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Browning, McKinney strike back at Yanks in book | People

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Browning, McKinney strike back at Yanks in book
Browning, McKinney strike back at Yanks in book

LITTLE ROCK, Ark. (April 12, 2012) – The story of how one Arkansan took on a five-year legal battle with one of the most powerful sports franchises in the world: the New York Yankees, will be featured at the upcoming Arkansas Literary Festival April 12-15.

Mitchell Williams attorney Jason Browning’s discovery of under-the-table dealings in professional baseball scouting and his subsequent legal battle has been detailed in a book titled Pinstripe Defection by a fellow Arkansan — Clay McKinney of Fort Smith.

On Friday, April 13, as part of the Arkansas Literary Festival, Browning and McKinney will discuss Pinstripe Defection at 6 p.m. on the first floor of the Main Library at 100 Rock St. in Little Rock.

Browning is a member of Mitchell Williams’ Litigation Section, actively engaged in medical malpractice defense. He also is a certified agent with the Major League Baseball Players Association. His experience with professional baseball includes a working knowledge of the collective bargaining agreement, drafting international representation agreements and salary arbitration.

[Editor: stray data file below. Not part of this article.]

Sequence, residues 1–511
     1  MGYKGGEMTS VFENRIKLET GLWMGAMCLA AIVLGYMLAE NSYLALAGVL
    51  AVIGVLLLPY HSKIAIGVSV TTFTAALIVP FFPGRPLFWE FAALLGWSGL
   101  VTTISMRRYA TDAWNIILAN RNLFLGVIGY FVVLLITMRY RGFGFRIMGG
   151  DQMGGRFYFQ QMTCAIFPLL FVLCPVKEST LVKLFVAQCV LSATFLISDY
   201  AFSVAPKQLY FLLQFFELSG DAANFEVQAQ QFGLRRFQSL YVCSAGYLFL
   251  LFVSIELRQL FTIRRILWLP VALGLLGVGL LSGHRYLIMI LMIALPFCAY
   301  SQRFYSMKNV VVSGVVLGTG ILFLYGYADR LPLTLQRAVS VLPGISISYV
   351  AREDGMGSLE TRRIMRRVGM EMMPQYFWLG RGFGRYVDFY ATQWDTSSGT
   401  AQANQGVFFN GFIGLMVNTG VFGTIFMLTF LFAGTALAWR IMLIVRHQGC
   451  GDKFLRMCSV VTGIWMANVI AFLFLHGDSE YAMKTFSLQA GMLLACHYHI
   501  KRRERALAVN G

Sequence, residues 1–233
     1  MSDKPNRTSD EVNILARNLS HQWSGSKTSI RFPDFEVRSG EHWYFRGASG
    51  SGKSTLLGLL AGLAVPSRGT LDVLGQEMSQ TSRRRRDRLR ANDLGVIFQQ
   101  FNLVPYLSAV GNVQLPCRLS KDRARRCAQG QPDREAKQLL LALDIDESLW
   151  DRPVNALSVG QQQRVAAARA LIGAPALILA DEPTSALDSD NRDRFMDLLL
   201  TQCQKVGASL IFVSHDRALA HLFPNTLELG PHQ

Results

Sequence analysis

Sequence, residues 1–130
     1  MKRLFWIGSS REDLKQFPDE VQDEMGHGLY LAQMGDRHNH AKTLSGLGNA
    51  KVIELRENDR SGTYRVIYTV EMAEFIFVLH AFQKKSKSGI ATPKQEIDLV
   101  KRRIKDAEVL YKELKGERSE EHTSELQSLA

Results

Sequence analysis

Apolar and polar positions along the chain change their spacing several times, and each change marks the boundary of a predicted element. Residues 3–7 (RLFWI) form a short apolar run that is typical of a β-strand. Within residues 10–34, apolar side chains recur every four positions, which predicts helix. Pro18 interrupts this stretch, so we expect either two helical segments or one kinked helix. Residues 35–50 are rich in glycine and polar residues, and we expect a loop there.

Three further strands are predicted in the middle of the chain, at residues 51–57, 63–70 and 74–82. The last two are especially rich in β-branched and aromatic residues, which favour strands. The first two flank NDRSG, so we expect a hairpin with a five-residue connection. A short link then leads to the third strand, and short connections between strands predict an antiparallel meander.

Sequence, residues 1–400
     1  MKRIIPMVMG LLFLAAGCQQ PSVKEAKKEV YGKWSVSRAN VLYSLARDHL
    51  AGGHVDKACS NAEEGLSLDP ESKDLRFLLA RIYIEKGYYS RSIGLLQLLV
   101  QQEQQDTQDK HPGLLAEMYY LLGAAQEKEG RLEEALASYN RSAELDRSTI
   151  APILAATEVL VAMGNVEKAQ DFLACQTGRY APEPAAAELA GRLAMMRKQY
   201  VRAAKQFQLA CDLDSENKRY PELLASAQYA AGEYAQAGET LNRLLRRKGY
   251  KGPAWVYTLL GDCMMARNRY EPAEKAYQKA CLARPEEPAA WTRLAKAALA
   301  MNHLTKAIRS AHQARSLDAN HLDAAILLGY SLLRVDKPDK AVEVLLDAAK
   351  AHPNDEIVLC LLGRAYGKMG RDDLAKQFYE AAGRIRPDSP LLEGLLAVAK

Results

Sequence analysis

McKinney is a Memphis native who has resided in Fort Smith for the past 11 years. He is also the author of Element, a collection of short stories published in 2008. In 2008, Clay’s story Duplicity placed third in the National Writers Association Short Story Contest. In 2010, Clay received two Honorable Mentions from the Oklahoma Writers Federation.

A summary description of the book follows: “A season of baseball can be made or broken by the right players, so with billions of dollars a year flowing through the world of professional baseball, it’s easy to see why scouts who discover the next star player might bend a few rules. It’s easy to see, too, why a team might make promises it might not keep in order to sign a talented young player, recently defected from Cuba.

“International baseball scouting can sometimes seem like the back room of a prohibition-era speakeasy — dark, daunting and, often times, corrupt. This world was revealed to Jason Browning, a 29-year-old Arkansas attorney during his five-year battle with one of the most powerful sports franchises in the world, the New York Yankees. Along the way, the attorney uncovered evidence of other under-the-table dealings.”

For more information on the book, visit http://pinstripedefection.com.